He was not talking however, about work but about employment. A relationship whereby a tiny minority use the vast majority to labour for them and get wealthy by accruing the surplus value they create.
This at least, is something David Freud knows something about. Growing wealthy during the Thatcher years, "working" (another Freudian slip) in the City.
Grown wealthy off the sweat of others, he must be drooling at the chance to get even more of the working class making his class richer.
The most worrying thing about these proposals however, is that other members of the working class are generally in favour of these measures.
In five local newspapers that I have read, straw polls have shown a majority in favour of these draconian measures.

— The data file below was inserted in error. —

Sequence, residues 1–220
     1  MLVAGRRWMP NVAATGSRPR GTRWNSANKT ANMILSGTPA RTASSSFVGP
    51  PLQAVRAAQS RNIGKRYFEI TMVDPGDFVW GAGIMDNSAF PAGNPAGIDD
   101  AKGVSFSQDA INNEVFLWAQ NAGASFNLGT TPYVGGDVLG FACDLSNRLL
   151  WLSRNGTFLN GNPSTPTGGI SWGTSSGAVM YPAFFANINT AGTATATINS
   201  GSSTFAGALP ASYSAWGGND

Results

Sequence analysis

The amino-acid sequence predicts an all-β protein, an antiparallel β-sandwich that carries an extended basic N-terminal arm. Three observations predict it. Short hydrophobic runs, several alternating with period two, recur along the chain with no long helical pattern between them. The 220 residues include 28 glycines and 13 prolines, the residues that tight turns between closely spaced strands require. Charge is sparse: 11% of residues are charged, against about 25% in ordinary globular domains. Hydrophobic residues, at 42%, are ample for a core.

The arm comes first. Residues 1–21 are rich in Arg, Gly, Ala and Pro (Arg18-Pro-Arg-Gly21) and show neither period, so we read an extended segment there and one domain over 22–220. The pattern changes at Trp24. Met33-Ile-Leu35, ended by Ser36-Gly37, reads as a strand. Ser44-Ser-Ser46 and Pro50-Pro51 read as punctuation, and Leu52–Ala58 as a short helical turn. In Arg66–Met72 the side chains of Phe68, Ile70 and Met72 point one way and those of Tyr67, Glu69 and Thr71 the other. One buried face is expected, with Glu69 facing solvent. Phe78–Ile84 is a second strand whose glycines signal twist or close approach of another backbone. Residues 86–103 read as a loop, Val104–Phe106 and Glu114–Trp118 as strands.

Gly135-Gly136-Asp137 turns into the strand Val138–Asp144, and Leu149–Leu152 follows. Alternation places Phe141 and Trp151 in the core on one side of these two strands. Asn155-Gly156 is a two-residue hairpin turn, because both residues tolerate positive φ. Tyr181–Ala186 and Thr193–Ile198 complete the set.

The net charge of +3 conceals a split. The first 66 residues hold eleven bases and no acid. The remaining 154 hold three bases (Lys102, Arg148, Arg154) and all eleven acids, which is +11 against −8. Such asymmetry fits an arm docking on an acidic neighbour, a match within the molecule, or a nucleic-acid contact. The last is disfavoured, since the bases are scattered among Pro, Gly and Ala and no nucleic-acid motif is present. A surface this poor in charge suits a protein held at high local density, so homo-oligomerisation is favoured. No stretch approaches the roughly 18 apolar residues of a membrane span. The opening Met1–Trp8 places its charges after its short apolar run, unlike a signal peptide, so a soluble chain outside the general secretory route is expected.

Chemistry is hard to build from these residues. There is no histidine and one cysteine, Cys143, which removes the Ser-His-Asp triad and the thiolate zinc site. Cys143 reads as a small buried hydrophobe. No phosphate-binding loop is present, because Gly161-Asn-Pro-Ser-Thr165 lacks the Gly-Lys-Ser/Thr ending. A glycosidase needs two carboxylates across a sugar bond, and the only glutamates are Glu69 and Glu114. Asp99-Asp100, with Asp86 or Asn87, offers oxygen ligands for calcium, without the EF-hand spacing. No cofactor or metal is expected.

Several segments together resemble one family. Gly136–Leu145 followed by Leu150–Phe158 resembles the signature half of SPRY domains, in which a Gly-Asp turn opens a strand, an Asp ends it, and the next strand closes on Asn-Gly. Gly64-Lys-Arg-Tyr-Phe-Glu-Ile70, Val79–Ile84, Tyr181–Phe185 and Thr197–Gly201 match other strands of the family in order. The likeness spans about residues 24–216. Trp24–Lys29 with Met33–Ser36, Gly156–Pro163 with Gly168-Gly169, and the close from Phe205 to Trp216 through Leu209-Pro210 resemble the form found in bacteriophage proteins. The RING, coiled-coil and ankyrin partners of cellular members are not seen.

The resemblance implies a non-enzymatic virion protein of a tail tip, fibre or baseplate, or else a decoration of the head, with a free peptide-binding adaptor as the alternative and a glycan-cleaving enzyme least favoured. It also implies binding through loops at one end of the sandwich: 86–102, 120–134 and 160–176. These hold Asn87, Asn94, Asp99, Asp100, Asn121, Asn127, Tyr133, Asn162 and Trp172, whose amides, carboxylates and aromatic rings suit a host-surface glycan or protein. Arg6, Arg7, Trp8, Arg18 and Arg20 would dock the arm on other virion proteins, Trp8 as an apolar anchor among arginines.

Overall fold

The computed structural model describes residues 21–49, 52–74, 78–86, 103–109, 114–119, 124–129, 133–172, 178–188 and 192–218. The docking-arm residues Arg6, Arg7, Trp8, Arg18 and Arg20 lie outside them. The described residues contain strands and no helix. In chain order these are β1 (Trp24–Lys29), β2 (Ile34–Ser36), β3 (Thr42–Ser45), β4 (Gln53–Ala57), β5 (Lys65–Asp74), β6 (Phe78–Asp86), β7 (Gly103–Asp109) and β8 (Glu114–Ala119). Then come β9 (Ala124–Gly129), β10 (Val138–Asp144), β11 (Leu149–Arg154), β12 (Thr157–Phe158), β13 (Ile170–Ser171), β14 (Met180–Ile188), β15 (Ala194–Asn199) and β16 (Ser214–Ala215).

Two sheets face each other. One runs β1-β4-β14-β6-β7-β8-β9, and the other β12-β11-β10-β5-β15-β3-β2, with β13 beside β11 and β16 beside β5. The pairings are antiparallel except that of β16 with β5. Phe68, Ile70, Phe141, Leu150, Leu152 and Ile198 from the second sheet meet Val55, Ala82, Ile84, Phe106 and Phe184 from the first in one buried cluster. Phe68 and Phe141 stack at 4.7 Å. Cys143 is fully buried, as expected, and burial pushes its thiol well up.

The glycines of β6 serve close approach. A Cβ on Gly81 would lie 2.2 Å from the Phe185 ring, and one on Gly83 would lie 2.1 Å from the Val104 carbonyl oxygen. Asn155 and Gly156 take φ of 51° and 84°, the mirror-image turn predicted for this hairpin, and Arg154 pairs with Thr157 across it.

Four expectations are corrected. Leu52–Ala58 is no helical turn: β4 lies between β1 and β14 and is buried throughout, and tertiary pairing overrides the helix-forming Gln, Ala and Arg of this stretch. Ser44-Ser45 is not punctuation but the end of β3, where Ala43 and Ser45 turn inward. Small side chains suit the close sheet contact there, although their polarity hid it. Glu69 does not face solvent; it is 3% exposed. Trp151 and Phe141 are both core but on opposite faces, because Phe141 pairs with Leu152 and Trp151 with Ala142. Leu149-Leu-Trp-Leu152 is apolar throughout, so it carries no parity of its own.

Not only do U.K. Capitalisms Board of Directors feel comfortable enough to introduce these measures, but once again they have the backing of their "slaves".
What the above shows is, that it is more important than ever to spread the message of the alternative to the obscenity that is Capitalism. An alternative to a society wherein a tiny minority live in obscene luxury, whilst the vast majority live in varying degrees of poverty, want, stress and insecurity. Relying on "selling themselves" to these parasites to live.
That we as a class have the power, (the vote) to abolish this state of affairs and bring about a society where the good and well being of all is the prime prerequisite, is beyond question.
What is lacking is the understanding and thus the will to achieve this goal.
Knowledge is power. With Knowledge of our own interests as a class , combined with the vote, we can change the world so that the odium that are "welfare reforms", will be resigned to the dustbin of history. Along with its pregenitor, Capitalism.